Aid to the United States: 1776–1778
Spanish aid was supplied to the new nation through four main routes: from French ports with the funding of Roderigue Hortalez and Company, through the port of
New Orleans and up the
Mississippi River, from the warehouses in Havana, and from
Bilbao, through the
Gardoqui family trading company.
Smuggling from New Orleans began in 1776, when General
Charles Lee sent two
Continental Army (the army of the United States) officers to request supplies from the New Orleans Governor,
Luis de Unzaga. Unzaga, concerned about overtly antagonizing the British before the Spanish were prepared for war, agreed to assist the rebels covertly. Unzaga authorized the shipment of desperately needed gunpowder in a transaction brokered by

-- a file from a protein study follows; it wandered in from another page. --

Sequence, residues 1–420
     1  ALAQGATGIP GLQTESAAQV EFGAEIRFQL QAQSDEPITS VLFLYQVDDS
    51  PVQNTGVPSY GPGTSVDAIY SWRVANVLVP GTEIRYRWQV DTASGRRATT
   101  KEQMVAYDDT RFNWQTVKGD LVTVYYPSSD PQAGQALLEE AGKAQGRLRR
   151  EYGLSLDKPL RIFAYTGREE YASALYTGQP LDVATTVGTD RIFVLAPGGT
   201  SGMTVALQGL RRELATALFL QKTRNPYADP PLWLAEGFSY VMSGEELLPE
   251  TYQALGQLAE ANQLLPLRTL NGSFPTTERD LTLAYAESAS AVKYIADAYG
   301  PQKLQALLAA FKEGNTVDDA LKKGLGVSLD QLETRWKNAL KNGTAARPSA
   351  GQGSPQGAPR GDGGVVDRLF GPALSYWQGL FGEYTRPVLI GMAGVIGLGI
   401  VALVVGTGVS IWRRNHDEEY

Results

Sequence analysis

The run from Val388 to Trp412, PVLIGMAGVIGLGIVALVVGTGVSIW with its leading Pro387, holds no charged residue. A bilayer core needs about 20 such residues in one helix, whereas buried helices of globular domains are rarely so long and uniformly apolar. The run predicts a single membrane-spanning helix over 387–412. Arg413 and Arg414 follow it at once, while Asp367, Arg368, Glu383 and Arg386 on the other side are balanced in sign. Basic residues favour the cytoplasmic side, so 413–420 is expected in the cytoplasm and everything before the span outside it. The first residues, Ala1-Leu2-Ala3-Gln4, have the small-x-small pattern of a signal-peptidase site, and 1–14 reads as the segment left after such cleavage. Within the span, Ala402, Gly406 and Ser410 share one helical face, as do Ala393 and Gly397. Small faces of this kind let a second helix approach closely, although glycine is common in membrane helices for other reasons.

Oliver Pollock, a
Patriot (Revolutionary) and financier.
Bernardo de Gálvez y Madrid, Count of Gálvez was appointed Governor of
New Orleans in January 1777, he continued and expanded the supply operations.
As the American diplomat
Benjamin Franklin reported from Paris to the Congressional Committee of Secret Correspondence in March 1777, the Spanish court quietly granted the rebels direct admission to the rich, previously restricted port of Havana under
most favored nation status. Franklin also noted in the same report that three thousand barrels of gunpowder were waiting in New Orleans, and that the merchants in Bilbao "had orders to ship for us such necessaries as we might want."